The results of these studies led to conclude that polyester fabrics have a depressive effect on the spermatogenesis[27] and that this effect was reversible on removal of the pants. It further appeared that this effect is related to the electrostatic charges generated by the polyester fabrics and creating an electrostatic field across the testicle and/or the epididymis.

It was therefore surmised to use polyester-containing textiles as a contraceptive tool for men[28]. The contraceptive effect of a polyester sling applied to the scrotum was studied in 14 men who wore a polyester suspensor  for 12 months.

The suspensory sling consisted of polyester fabric and was fashioned for the scrotum to lie within it (Figure 1). Variable sizes of the sling were made to suit the scrotum and slung to the waist of the subject by a belt attached to the suspensor. The belt was tied so that the suspensor elevated the testicles towards the abdomen. The suspensor was used day and night and was changed when soiled. Follow-up investigations comprised periodic check of semen character, testicular size, rectal-testicular temperature difference, serum reproductive hormones, and testicular biopsy. The electrostatic potentials generated by friction between the polyester suspensor and the scrotal skin were determined. Female partners used contraceptives until the men became azoospermic. After 12 months, the suspensor was abandoned and the aforementioned investigations were performed again[28].

Figure 1. Scrotal sling (from Shafik[28]).

3.2 Results

In the suspensor-wearing period, all men became azoospermic after (139.620.8) days (data expressed in the means), with decreases in both testicular volume (P<0.05) and rectal-testicular temperature difference (P<0.001). Serum reproductive hormones showed no significant change (P>0.05).  Seminiferous tubules revealed degenerative changes. No pregnancy occurred during this period. The polyester suspensor generated electric potentials (366.430.5) V/cm2 by day and (158.313.6) V/cm2 by night[28].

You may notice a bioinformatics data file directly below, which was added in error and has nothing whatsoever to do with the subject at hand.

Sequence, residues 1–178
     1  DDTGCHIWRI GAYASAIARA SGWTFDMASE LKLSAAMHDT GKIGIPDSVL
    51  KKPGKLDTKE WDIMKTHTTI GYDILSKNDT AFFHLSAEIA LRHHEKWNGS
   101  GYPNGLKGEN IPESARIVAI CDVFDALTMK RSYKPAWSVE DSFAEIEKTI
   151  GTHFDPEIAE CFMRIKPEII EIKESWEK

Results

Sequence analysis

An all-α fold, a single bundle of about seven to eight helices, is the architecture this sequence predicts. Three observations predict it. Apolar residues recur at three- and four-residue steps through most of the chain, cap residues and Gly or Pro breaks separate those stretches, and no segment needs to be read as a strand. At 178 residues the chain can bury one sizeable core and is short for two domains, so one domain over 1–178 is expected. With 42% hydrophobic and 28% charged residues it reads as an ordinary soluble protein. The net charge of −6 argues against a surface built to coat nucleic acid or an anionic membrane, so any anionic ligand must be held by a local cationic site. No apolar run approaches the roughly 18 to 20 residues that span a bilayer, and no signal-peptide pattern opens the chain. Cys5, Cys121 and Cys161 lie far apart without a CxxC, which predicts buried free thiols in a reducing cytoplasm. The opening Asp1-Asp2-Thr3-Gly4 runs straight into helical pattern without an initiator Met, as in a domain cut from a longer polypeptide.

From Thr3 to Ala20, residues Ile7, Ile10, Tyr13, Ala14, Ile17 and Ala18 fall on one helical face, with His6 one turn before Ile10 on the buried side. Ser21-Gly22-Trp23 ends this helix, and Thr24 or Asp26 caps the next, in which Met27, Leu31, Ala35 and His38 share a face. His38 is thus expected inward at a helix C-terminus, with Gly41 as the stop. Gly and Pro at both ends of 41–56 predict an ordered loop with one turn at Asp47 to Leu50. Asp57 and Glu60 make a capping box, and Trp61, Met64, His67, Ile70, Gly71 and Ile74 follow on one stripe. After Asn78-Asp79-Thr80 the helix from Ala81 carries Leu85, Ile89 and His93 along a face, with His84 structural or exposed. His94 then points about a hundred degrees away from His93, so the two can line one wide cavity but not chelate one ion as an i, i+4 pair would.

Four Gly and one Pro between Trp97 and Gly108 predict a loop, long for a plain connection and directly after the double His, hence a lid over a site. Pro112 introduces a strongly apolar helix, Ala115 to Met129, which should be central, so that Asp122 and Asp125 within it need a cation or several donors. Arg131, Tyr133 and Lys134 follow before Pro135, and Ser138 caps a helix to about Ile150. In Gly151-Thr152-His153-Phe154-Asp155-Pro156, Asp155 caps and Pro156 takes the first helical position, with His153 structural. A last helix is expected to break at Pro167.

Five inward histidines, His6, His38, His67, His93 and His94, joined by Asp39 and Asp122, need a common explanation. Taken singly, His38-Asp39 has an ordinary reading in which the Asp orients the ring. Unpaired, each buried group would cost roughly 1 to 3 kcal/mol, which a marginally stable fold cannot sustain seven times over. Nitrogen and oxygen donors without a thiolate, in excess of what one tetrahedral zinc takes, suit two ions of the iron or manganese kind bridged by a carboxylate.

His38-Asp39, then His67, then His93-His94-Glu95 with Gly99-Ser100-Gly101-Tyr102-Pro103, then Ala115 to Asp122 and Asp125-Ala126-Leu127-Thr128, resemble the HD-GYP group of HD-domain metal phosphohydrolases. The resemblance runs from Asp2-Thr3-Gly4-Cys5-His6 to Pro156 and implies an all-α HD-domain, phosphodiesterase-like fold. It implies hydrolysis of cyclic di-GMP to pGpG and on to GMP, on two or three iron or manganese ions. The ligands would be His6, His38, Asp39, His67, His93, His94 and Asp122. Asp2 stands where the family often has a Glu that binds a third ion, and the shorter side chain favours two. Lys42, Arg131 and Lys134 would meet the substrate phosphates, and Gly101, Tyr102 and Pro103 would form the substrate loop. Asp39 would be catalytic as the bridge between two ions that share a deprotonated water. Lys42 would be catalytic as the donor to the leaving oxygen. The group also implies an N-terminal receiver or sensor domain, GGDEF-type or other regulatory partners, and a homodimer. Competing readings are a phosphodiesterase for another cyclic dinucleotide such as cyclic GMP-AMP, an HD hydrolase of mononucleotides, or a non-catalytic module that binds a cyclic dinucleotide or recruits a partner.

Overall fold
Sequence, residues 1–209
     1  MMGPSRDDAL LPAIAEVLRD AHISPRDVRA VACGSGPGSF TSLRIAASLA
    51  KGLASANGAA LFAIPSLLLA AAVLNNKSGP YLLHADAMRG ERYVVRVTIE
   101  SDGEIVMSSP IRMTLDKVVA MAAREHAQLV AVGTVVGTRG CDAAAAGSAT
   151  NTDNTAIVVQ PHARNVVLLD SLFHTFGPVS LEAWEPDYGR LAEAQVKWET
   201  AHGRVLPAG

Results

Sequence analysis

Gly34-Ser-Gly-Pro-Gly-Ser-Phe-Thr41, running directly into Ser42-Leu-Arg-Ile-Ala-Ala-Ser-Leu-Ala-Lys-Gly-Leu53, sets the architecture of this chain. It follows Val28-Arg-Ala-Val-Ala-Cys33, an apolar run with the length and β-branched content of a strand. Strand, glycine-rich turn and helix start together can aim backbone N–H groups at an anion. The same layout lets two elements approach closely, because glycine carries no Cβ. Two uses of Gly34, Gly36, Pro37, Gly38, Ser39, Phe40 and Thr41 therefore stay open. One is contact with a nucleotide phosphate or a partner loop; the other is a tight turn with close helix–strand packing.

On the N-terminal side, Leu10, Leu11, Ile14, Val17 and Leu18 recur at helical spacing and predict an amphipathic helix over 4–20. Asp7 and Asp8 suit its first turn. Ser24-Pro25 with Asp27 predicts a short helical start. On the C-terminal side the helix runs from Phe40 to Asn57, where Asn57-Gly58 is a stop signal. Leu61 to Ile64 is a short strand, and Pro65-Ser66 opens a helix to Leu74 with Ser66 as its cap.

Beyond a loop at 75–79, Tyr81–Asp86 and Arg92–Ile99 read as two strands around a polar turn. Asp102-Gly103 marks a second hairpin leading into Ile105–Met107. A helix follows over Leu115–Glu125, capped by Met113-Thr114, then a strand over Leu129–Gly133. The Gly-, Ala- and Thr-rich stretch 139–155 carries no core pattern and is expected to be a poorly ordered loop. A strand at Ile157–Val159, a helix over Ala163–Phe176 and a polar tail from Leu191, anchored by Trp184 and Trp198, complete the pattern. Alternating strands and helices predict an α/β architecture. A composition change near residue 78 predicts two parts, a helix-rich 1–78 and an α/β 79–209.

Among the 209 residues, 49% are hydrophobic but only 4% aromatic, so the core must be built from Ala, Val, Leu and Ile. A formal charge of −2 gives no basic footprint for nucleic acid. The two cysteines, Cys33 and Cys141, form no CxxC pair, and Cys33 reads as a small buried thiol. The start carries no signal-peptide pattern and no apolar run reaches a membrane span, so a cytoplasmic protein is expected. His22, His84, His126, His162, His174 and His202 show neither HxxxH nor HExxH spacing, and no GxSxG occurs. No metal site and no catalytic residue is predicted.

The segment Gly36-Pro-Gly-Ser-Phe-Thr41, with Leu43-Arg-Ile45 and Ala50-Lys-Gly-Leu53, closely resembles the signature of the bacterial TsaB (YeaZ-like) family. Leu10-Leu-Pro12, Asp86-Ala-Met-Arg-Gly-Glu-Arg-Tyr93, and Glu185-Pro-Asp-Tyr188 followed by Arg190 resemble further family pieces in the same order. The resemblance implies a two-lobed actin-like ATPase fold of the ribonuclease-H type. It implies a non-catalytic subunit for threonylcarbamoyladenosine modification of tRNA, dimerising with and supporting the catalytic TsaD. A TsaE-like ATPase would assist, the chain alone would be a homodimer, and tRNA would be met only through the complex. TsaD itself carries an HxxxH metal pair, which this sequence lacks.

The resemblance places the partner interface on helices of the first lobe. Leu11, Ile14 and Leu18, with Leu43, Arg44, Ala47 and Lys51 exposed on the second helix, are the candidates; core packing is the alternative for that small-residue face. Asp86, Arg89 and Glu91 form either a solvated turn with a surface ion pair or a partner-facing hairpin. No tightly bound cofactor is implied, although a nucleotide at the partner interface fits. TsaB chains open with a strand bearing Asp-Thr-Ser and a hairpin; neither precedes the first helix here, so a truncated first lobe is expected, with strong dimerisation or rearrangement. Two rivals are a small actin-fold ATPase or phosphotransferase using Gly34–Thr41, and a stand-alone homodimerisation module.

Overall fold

In the period after the suspensor was abandoned, the sperm concentration returned to the pre-test level in a mean period of (156.614.8) days. Likewise, the testicular volume and rectal-testicular temperature difference were normalized.  In 5 couples the women conceived as they had planned.


Our study[28] demonstrates that the ensheathing of the scrotum in a polyester suspensor has induced azoospermia in all of the 14 volunteers and that this azoospermia is reversible following the release of the suspensor, and the wives of 5 of the volunteers became pregnant according to plan.

Furthermore, the study shows that electrostatic potentials are generated from the polyester sling and the opposing scrotal skin as a result of friction between the two surfaces. They are higher during daytime rather than at night, due probably to the higher temperatures prevailing during the day. The electrostatic charges and consequently the potentials are directly proportional to the temperature: the higher the temperature, the more charges are generated.

3.4 Azoospermic effect of the polyester sling

The azoospermic effect of the polyester sling seems to be related to two factors[26-28]: the electrostatic field effect and the disordered thermoregulatory effect.

3.4.1 The electrostatic field effect

Friction between the scrotal skin and the polyester sling creates a negative charge on the inner surface of the sling and a positive one on the scrotal skin facing the sling (Figure 2). An equal but opposite charge to the one on the inner sling aspect occurs on the outer sling surface. The result is that the outer surface of the scrotal sac facing the sling will have a number of positive charges. The latter produces induced charges with negative sign on the other surface of the scrotal sac. Eventually, equal but opposite charges are created on the two aspects of the scrotal sac: the one in contact with the sling and the other away from it (Figure 2). These opposite charges will produce an electrostatic field extending from one aspect of the scrotum toward the other through the scrotal sac[26-28]. The electrostatic field traversing the scrotal contents would disturb the testicles and/or epididymis leading to diminished spermatogenesis.